Educating for a Region in Change
ACal Poly Pomona offers a glimpse into the profession’s
By Frank Edgerton Martin
The future, it’s been said, starts in California. One
glimpse of the future of landscape architecture education is visible at
California State University–Pomona, or “Cal Poly,” roughly 40 miles east of
downtown Los Angeles. This is a landscape architecture teaching program that’s
based in an urban region and is financially accessible. In April 2007 Cal Poly
Pomona’s landscape architecture department celebrated its 50th anniversary.
It’s a relatively old program at Cal Poly, given that the entire campus dates
back to only 1938.
With its explorations into sustainable—or as they prefer at
Cal Poly, “regenerative”—landscapes, Cal Poly’s is a landscape architectural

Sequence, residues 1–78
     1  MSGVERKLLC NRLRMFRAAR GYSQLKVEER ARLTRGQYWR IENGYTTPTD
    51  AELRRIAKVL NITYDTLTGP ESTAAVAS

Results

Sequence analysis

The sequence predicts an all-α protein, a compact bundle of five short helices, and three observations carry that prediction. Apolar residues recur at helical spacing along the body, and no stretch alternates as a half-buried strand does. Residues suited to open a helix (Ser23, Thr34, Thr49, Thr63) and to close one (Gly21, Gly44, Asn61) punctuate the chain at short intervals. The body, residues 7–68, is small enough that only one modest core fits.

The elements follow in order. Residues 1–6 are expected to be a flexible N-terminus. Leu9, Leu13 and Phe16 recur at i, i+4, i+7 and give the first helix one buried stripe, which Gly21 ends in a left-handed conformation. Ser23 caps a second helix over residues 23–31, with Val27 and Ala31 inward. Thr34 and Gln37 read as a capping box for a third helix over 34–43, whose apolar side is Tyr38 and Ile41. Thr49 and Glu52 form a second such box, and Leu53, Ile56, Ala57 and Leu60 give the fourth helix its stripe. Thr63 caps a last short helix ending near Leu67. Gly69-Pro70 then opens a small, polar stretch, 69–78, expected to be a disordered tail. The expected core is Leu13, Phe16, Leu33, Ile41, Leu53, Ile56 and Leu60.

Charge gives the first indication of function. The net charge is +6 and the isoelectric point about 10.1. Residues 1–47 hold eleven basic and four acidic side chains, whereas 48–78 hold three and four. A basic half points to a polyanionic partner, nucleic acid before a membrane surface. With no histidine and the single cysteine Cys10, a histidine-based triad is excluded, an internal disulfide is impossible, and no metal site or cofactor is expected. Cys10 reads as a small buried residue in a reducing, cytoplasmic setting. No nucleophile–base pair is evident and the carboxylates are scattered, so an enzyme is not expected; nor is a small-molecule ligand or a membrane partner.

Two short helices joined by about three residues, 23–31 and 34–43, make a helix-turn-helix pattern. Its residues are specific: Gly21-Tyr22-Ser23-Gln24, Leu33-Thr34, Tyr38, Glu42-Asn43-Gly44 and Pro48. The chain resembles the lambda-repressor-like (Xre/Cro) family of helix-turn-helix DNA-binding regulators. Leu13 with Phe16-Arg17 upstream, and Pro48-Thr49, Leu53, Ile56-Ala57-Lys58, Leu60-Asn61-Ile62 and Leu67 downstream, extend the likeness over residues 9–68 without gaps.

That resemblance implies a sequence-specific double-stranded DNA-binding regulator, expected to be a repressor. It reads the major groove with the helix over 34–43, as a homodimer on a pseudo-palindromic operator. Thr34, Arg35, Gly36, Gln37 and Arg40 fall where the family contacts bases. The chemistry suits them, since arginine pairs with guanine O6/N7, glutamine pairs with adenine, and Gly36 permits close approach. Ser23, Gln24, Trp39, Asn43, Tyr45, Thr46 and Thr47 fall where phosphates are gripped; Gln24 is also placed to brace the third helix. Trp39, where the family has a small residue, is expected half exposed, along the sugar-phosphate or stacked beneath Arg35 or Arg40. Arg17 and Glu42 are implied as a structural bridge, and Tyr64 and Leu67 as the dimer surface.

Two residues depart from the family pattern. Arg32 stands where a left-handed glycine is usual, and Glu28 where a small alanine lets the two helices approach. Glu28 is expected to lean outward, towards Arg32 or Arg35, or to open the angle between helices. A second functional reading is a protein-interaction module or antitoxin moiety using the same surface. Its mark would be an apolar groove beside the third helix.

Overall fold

education where the gritty landscapes of the Los Angeles region are not made to
look sleek. It is an education where the precedents of star designers are less
relevant than creative appropriation from a global palette of grassroots
precedents in Brazil, Mexico, China, and Los Angeles itself. With regenerative
strategies at its heart, Pomona’s program looks beyond the design of gardens or
plazas—icons that landscape architects such as Tommy Church and Lawrence Halprin,
FASLA, invented for California throughout much of the 20th century—to the
creation of self-renewing systems for an entire region that is both socially
rich and environmentally stressed.
With about 55 graduate students and more than 300
undergrads, Pomona is California’s largest landscape architecture program, and
it is the only California program with accredited undergraduate and graduate
degrees. For both undergrads and grads, tuition is only $2,500 per year for
in-state students. Although nonresident tuition is more (capped at $10,100 per
academic year), California makes residency relatively easy to achieve within a
…To read the entire article, subscribe to LAM!
New | LAND | Annual
Product Profiles & Directory